Colorized transmission electron micrograph of Avian influenza A H5N1 viruses (seen in gold) grown in MDCK cells (seen in green). Photo: Cynthia Goldsmith/CDC

The National Institutes of Health (NIH) announced today that a “funding pause” on gain-of-function (GOF) studies involving influenza, SERS and MERS viruses has been lifted.

The halt on federal funding for GOF experiments involving the three viruses was initiated in October 2014 after a series of laboratory biosafety incidents occurred at U.S. government research facilities.

The incidents “caused the federal government to re-assess the risk/benefit calculus underpinning funding decisions for a certain subset of gain-of-function research involving agents that pose a significant risk to public health,” the NIH wrote at the time of the funding pause.

GOF research involves conducting experiments with potential pandemic pathogens (PPPs). This type of research is crucial to ensuring global health and security, but also poses serious risks if mishandled or mutated. To be considered a potential pandemic pathogen, the pathogen must be capable of wide and uncontrollable spread in human populations, and is likely to cause significant morbidity and/or mortality in humans.

Additionally, an enhanced potential pandemic pathogen is defined as a PPP resulting from the enhancement of the transmissibility and/or virulence of pathogen, according to the Department of Health and Human Services. Enhanced PPPs do not include natural occurring pathogens that circulate or have been recovered from nature.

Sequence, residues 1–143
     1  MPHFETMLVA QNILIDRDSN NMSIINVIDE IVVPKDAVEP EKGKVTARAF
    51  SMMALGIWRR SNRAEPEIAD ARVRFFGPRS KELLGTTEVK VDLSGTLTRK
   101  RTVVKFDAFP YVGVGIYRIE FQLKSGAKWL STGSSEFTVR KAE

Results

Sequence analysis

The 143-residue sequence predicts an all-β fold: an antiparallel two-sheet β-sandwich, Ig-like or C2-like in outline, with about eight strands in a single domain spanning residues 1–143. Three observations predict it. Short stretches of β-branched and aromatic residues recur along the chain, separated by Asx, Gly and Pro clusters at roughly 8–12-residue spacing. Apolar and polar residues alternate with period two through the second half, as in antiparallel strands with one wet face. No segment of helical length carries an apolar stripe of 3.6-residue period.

A total of 21 gain-of-function studies of influenza, MERS and SERS were initially impacted by the 2014 funding ban. Some were later exempt after it was determined that the specific experiments posed little risk, but eight influenza and three MERS studies have remained on-hold for the last three years.

During the funding pause, the NIH and other government agencies analyzed the potential benefits as well as risks and costs of GOF research.

The Department of Health and Human Services was also called upon to develop a new framework to assess GOF research proposals and deem whether they should proceed as is, be rejected, or move forward with modifications. The framework “seeks to preserve the benefits of life sciences research involving enhanced PPPs while minimizing potential biosafety and biosecurity risks.”

Some of the criteria listed by the HHS framework that should be considered when evaluating individual proposals includes an assessment of the study’s risks and benefits, deciding if the investigator and research institution can conduct the experiments safely, and determining if there is a safer alternative that could produce the same results. After the HHS makes a recommendation on an individual proposal, the NIH will also evaluate its scientific merit prior to approving grant funding.

Those with studies that have been on hold are expected to submit new proposals, as their previous projects are now likely outdated.

“GOF research is important in helping us identify, understand, and develop strategies and effective countermeasures against rapidly evolving pathogens that pose a threat to public health,” Francis Collins, director of the NIH, said in a statement.

Despite the lift on funding and the new HHS framework, GOF research in general remains a controversial subject. Critics argue that previous GOF studies haven’t proven to help prevent or improve preparedness for pandemics enough to warrant the high risk associated with the pathogens being studied and leading to an accidental or intentional outbreak.